jumping to head, etc. Stop the group
from time to time to stretch. Continue
moving as a group at a higher speed.
Mix short sprints with jogging.
Technical Emphasis
(Receiving and Turning)
A.	 In a line of 3 players, the center
player receives the ball from an
outside player, turns with it and plays
it to the other outside player. Repeat
in the opposite direction. The middle
player should receive and turn with
the following types of ball.
1.	 Receive with the inside of the right
and the left foot. Turn with it and pass
smoothly to the other player. Repeat.
2.	 Receive with the outside of both feet,
turn and pass.
3.	 Receive an air ball with the thigh, turn
and pass.
4.	 Receive with the chest, turn and pass.
5.	 Receive with the head, turn and pass.
Small-Sided Games
A.	 The coach serves a ball into the grid
of 3 v 3 plays approximately 30 yards
from the goal. When the coach gives a
signal, the team with the ball attacks
the goal while the other defends. If
the defenders gain possession, they
attack.
COACHING POINTS
A.	 This is follow the leader with the two
in front leading a rhythmic activity.
Technical Emphasis
A.	 Work on receiving in a smooth
manner. Reduce touches needed to
turn.
Small-Sided Games
A.	 Possession and attacking concepts are
stressed.
40 USYouthSoccer.org
ACTIVITIES
Small-Sided Games
	 Finish with a shot on goal. Instantly
start another game of 3 v 3.
Group Activity
A.	 Same as above but make the grid
larger. Play 6 v 6 with the same rules.
Rest after every attack. The coach
starts each attack by playing the ball
into the grid.
SESSION 19 (continued)
COACHING POINTS
	
Group Activity
A.	 Possession and attacking concepts are
stressed.
41 USYouthSoccer.org
SESSION 20 | Finishing
ACTIVITIES
Warm-Up
A.	 Jog as a group, with the ball. Stretch
for a few minutes. Break into two
groups and play 5 v 2 possession.
The outside player who makes a
mistake enters center while one
defender comes out.
Technical Emphasis (Finishing)
A.	 Start with attack from the flank. Plays
a ball to B who passes wide to A.
Player A sprints around a cone and
serves a ball to B for a shot on goal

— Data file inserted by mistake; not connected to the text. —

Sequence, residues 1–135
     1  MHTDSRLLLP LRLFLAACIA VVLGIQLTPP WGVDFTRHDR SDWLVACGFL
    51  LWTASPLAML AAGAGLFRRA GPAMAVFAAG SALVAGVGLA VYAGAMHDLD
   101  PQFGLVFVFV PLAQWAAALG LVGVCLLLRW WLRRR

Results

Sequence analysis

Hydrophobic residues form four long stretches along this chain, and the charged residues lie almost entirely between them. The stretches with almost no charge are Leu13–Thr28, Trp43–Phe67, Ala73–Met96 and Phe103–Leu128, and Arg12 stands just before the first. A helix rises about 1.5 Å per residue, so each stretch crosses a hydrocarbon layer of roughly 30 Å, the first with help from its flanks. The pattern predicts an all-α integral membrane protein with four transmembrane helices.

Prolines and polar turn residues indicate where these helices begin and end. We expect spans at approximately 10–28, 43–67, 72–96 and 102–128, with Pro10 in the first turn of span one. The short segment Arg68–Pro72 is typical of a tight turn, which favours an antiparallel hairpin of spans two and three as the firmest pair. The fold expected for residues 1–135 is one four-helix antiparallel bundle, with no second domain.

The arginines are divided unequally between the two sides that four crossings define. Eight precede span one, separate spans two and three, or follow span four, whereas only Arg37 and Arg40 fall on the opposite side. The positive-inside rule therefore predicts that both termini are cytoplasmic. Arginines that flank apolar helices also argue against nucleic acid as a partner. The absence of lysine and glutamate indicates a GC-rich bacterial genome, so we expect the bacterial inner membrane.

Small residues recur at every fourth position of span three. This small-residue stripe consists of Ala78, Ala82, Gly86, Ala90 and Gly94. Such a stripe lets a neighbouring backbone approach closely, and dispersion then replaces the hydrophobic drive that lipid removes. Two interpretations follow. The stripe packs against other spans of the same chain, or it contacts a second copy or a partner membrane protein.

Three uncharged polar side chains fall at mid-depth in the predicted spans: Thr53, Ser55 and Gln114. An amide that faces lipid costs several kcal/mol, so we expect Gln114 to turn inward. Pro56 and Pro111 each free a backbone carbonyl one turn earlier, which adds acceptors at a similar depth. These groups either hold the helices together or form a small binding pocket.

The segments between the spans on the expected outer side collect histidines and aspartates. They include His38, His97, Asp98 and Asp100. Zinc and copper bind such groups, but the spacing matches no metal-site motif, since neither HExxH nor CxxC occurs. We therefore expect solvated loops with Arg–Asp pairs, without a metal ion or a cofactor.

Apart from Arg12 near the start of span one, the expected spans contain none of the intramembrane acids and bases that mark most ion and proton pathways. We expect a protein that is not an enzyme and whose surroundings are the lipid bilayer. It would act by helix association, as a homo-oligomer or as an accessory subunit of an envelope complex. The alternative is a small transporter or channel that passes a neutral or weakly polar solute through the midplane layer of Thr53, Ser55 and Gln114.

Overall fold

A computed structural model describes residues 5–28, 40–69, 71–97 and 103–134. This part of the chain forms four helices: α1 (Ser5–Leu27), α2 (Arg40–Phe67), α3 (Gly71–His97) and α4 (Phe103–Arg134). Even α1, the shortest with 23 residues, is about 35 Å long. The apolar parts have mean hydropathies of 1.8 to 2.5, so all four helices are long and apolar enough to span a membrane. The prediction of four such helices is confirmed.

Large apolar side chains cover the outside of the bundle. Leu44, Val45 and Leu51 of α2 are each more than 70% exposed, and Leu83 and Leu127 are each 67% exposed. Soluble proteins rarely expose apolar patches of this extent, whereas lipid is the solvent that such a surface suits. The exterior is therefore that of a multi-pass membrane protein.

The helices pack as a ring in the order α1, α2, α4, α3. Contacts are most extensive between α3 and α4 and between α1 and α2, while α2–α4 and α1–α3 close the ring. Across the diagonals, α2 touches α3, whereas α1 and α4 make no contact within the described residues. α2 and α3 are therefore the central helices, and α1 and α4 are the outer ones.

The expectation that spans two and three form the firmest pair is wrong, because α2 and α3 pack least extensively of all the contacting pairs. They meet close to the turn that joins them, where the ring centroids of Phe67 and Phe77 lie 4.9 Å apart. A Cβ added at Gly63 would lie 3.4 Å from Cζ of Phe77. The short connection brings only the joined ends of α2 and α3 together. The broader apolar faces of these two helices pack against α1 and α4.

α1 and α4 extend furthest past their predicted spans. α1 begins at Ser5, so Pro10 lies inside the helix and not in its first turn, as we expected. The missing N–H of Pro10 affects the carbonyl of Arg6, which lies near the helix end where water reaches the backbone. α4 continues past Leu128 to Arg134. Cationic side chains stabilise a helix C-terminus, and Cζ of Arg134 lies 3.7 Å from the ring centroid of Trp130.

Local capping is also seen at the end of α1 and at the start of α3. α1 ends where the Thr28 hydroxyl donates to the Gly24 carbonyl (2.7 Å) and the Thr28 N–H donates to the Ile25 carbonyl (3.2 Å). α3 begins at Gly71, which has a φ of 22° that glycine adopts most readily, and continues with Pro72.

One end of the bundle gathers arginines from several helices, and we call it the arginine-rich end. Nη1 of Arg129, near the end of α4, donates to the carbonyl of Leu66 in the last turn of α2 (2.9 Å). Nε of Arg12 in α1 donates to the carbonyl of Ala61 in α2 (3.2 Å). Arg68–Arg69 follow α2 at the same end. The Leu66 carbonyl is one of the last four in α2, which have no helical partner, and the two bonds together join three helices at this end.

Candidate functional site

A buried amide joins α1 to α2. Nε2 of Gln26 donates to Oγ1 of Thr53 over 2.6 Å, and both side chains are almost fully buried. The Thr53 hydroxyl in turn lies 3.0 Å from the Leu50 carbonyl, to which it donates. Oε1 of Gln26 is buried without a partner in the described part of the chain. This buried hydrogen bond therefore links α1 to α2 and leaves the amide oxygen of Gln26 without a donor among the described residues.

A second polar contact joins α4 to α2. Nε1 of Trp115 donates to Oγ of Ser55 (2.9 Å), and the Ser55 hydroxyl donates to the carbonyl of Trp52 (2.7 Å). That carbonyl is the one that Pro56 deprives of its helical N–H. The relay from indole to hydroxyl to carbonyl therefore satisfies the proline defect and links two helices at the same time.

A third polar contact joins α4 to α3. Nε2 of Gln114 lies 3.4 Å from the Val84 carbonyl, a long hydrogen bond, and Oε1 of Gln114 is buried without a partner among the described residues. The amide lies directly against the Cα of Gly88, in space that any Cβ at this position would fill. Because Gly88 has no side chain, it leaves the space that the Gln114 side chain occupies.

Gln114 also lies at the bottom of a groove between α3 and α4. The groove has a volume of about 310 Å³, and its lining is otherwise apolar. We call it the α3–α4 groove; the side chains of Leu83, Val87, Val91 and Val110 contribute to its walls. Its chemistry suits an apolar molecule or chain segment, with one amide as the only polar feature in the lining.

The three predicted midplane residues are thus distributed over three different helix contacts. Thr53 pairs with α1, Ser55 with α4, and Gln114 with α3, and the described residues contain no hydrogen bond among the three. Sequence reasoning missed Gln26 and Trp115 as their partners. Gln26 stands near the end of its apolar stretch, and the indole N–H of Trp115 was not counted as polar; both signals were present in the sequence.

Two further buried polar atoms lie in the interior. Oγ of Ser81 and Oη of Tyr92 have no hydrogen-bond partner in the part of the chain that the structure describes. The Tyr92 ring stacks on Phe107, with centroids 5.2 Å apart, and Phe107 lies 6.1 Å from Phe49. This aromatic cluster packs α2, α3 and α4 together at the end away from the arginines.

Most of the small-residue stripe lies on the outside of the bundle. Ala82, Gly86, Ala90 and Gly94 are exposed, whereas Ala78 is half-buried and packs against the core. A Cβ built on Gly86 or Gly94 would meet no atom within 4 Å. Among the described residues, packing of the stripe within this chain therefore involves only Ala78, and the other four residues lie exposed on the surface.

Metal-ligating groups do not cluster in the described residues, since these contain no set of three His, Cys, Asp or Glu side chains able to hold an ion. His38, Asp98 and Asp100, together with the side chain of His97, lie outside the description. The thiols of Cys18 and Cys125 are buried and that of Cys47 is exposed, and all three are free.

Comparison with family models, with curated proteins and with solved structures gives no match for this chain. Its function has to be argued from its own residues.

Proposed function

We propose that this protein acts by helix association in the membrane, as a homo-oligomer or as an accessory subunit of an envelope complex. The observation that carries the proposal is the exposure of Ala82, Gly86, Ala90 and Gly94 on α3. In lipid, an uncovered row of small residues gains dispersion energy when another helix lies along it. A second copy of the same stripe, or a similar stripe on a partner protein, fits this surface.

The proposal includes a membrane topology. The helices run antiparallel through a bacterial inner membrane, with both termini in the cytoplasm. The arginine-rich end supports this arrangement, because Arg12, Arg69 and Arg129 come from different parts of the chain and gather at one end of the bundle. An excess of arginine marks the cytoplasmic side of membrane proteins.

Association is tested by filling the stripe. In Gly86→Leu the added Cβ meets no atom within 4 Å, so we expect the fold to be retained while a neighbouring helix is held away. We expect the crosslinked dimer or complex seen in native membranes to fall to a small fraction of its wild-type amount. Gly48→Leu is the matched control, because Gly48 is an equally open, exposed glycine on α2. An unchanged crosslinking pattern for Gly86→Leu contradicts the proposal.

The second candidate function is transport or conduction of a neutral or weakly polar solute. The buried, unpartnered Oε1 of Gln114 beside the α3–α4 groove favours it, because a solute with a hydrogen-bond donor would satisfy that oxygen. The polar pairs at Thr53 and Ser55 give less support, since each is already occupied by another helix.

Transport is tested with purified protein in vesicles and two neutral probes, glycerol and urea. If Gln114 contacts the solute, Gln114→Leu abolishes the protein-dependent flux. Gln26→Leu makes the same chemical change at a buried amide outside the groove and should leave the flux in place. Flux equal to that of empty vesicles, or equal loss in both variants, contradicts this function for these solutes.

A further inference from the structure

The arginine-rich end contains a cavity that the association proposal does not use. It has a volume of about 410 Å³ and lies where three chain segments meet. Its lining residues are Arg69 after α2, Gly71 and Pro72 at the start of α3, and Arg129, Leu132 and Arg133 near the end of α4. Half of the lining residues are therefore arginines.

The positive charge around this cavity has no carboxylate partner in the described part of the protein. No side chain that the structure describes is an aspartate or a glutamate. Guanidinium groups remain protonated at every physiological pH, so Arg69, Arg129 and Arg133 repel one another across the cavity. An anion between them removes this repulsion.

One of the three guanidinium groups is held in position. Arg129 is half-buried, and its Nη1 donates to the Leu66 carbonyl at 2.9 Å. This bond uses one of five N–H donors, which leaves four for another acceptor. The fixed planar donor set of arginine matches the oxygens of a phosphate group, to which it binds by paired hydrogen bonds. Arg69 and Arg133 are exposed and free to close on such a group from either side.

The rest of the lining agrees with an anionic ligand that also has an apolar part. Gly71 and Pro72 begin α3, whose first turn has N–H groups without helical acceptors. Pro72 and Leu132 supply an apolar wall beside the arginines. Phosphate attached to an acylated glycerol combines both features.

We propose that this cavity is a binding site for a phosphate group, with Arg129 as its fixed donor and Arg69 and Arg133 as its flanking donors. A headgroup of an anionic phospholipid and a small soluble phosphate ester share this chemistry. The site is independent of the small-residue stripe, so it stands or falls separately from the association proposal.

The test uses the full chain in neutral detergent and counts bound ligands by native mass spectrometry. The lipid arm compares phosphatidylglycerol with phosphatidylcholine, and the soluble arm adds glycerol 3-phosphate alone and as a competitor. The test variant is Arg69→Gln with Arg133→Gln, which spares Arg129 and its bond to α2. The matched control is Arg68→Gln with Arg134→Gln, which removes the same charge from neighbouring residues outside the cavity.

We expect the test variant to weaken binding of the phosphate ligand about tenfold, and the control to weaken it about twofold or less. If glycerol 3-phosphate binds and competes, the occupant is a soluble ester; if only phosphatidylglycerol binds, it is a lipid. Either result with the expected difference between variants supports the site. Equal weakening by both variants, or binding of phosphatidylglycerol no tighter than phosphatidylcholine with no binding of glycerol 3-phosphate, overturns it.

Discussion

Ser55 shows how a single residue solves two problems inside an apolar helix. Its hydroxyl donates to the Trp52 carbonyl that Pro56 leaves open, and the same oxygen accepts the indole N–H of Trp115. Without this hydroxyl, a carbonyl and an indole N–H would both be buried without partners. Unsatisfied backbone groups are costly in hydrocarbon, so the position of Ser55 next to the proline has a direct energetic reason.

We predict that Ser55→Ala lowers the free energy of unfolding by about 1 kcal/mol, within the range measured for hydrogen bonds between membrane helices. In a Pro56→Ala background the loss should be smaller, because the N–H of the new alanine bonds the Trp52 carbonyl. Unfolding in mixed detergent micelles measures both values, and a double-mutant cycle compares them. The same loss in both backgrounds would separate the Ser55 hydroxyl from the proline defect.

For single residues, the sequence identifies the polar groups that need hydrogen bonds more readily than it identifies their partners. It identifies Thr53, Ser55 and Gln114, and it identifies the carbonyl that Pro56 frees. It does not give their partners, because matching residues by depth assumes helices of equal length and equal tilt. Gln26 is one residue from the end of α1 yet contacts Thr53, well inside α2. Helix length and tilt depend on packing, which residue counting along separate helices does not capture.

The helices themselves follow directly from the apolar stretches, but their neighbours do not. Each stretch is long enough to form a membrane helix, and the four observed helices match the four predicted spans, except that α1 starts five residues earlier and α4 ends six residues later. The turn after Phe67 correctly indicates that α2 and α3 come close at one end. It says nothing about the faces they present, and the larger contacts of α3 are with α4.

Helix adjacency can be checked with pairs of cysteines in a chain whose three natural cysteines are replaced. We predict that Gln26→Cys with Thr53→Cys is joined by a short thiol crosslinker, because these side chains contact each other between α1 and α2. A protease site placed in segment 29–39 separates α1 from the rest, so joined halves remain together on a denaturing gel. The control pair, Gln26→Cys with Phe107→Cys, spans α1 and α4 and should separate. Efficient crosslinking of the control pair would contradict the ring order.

with the foot or head. B makes an
arched run away from the server in
preparation for a good shot. Use both
sides of the field.
1.	 A plays to B for a wall pass. A
immediately shoots on goal. Make
sure shots are taken with both the left
and right feet.
2.	 A dribbles straight at B. A leaves the
ball for B who immediately shoots
after the takeover. Change lines,
directions and require shooters to use
both feet.
3.	 A passes to B and then overlaps. B
plays the ball to A who shoots on
goal. Approach the goal from both
sides of the field.
Small-Sided Games
A.	 Set up four small grids, which form a
larger square. Play 2 v 2 in each grid.
Start with only one ball for all four
grids. Players pass with their partners
or teammates in the other grids.
Color differentiation should be used.
COACHING POINTS
Warm-Up
A.	 Warm-up plus practice of proper
support techniques in 5 v 2.
Technical Emphasis
A.	 Proper serving or crossing and
shooting, shooting from wall pass and
shooting from takeover.
Small-Sided Games
A.	 Possession and passing skills.
42 USYouthSoccer.org
SESSION 20 (continued)
ACTIVITIES
Group Activity
A.	 Divide into two groups using half the
field with two goals and goalkeepers.
Divide the playing area into equal
thirds by placing two or three cones
across the field. Each team has:
Area 1 - Defensive third
Area 2 - Midfield third
Area 3 - Attacking third
Play with the following restrictions:
1.	 In the defensive area, one touch.
2.	 In the midfield area, two touch.
3.	 In the attacking area, unlimited
touches.
	 Adjust the one and two touch
restrictions to two and three touch if
necessary.
COACHING POINTS
Group Activity
A.	 This activity teaches the necessity of
playing the ball out of your defense
quickly as well as being creative in
attack.
43 USYouthSoccer.org
SUMMARY
In an effort to understand and improve the U-12 player we have to begin
opening the player’s eyes to the thinking aspects of the game. These areas